6 MARCH 1964, Page 18

Contemporary Rake

Nothing But The Best.

(Warner, 'A' certificate.)

=Black Fox. (Jacey,

Strand, 'X' certificate.)— The Silent Raid. (General release, `LP certificate.) TIMES have changed with a vengeance since the post-war years when, as Miss Spark put it, 'all the nice people were poor (allowing for exceptions)'; and with class and money our national ob- sessions these days, it isn't surprising that a film about them should strike home. Clive Donner's Nothing But Tly Best is social com- ment at firsthand. If its portrait of a social climber is in the circumstances (audience too large, and so on) necessarily unsubtle, its spank- ing pace, its dash, its uneven but sometimes brilliant script by Frederic Raphael, all carry it along to an improbable and intriguing end with an astringency that's new in our shrewd, self- indulgent, self-congratulatory cinema.

A contemporary rake's progress gives plenty of scope for flaying current vices, and working- class Jimmy's fast development into James, man about town, gives the film a chance for pot-shots not just at snobbery and pretentiousness in general, but at our particular present form of opulent glossiness, the magazine-and-shop-fed taste that makes lack of money inevitably seem dowdy. Jimmy's dreams are simple-mindedly vul- gar, the adult version of a schoolboy's sleepy vision of unlimited chipolatas and Fuller's walnut cake; but they reflect an acquisitiveness, born of social pressures, so widespread that one barely notices it except in the now rare cases of people very noticeably without it. The film has its gaps and limitations (no one as nimble- witted as Jimmy would leave such enormous footprints around after a murder, for instance), but again and again, with its cool ruthlessness and its polite indication—no more—of violence off-screen, it scores.

Jimmy is undilutedly nasty, and it isn't social climbing that makes him so: even before he's really got going he's snubbing anyone he can't use for the sheer fun of it. Yet his mother can coo: 'I don't know what we've done to deserve a boy like Jimmy,' and from the office tele- phonist to the landlady to the boss's daughter women can love him. With Alan Bates playing him at exactly the right pitch (never too shrill or too soft, never trying too hard, yet never, for a second, relaxing), it all seems credible, in fact inevitable. Nor is he overshadowed by the superb performance from Denholm Elliot as his mentor and later victim, a stoutish, seedy wastrel who coaches Jimmy for his entry into the world he hopes to reach. The two men, so unalike in their acting styles, set each other off hilariously, but always just inside caricature.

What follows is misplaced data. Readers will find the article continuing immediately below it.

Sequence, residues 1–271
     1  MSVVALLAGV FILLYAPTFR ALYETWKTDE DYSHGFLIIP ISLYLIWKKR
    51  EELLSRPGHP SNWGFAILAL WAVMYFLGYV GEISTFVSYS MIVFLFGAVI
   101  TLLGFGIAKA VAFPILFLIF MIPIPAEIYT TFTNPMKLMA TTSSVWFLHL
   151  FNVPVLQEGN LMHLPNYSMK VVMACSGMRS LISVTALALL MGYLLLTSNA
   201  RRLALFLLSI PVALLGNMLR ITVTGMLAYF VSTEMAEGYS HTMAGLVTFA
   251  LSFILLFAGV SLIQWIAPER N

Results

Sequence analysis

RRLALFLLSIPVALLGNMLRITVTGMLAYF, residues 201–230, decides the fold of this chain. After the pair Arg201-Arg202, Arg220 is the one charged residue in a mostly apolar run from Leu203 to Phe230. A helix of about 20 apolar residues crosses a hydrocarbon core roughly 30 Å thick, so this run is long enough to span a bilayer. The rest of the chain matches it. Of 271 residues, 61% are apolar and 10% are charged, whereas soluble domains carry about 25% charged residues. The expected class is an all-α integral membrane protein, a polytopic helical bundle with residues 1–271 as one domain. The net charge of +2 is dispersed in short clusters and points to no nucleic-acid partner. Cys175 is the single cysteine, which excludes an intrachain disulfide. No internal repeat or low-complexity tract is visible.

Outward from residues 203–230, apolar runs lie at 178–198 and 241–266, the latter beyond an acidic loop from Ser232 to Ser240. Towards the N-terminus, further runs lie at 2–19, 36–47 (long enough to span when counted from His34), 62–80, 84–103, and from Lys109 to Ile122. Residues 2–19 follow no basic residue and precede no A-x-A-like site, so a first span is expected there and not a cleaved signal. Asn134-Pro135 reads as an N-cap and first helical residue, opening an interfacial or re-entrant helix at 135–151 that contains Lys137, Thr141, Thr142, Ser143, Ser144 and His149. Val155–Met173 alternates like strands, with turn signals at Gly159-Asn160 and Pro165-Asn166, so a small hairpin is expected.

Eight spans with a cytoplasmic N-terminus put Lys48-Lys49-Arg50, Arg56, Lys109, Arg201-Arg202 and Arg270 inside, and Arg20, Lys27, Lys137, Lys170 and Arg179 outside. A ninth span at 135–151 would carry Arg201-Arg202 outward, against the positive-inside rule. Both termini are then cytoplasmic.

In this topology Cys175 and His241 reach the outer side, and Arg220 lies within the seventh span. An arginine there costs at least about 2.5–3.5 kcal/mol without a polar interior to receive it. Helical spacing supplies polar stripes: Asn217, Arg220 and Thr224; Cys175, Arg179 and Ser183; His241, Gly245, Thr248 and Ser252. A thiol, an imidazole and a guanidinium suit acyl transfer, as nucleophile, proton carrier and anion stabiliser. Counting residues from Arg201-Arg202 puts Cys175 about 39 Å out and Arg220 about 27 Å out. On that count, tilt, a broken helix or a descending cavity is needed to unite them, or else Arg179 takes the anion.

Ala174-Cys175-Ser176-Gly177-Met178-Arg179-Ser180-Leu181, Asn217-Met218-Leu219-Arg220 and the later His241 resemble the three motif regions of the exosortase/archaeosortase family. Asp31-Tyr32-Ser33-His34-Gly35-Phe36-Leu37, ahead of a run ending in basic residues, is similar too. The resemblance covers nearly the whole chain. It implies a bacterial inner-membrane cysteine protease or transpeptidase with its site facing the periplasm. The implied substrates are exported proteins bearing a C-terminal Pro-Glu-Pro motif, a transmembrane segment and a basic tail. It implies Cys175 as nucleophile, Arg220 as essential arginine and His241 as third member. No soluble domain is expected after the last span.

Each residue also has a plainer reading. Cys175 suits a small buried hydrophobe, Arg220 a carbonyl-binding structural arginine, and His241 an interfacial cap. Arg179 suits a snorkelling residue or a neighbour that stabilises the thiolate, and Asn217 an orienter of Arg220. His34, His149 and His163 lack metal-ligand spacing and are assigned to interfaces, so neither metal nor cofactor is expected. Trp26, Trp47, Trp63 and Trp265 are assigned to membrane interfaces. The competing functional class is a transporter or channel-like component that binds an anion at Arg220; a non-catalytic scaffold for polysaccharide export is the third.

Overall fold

Two war films, movingly in period, seem cen- turies away: the more ambitious of them is a documentary, Black Fox (director: Louis Clyde Stoumen), in which the story of Hitler is linked (newsreel with drawings and prints) with Goethe's Reynard the Fox. In retrospect this seems a little weird, since Hitler's was hardly the sort of wily cunning we call foxiness, but at the time Marlene Dietrich's beautiful handling of the commentary, and the quite extraordinary quality of the newsreels (some of them unseen before this), make one accept a good deal of the director's agility. An angry film, a pummelling film in fact, it is also grave and formal, and gives its sickeningly familiar subject—as Miss Diet- rich's voice does, too—both an indignant imme- diacy and the dignity of distance.

Paul Rotha's The Silent Raid is a modest, moving story about a (true) episode in the Dutch Resistance, filmed with Dutch actors who originally spoke in Dutch and have now been dubbed into rather heftily accented English. A prisoner of the Gestapo had to be rescued be- cause he knew too much and couldn't (he knew) stand much torture. The rescue must take place in complete silence, else the German police headquarters just across the street would hear. Rotha holds the tension till the last minute. This isn't hindsight, it has the spirit of twenty years ago, and it seems incredible that a film of this quality, by such a director, should have gone out as a second feature on general release without even a press show. But people, I hear, who have gone to see something quite different are coming across it by mistake, with pleasure and surprise.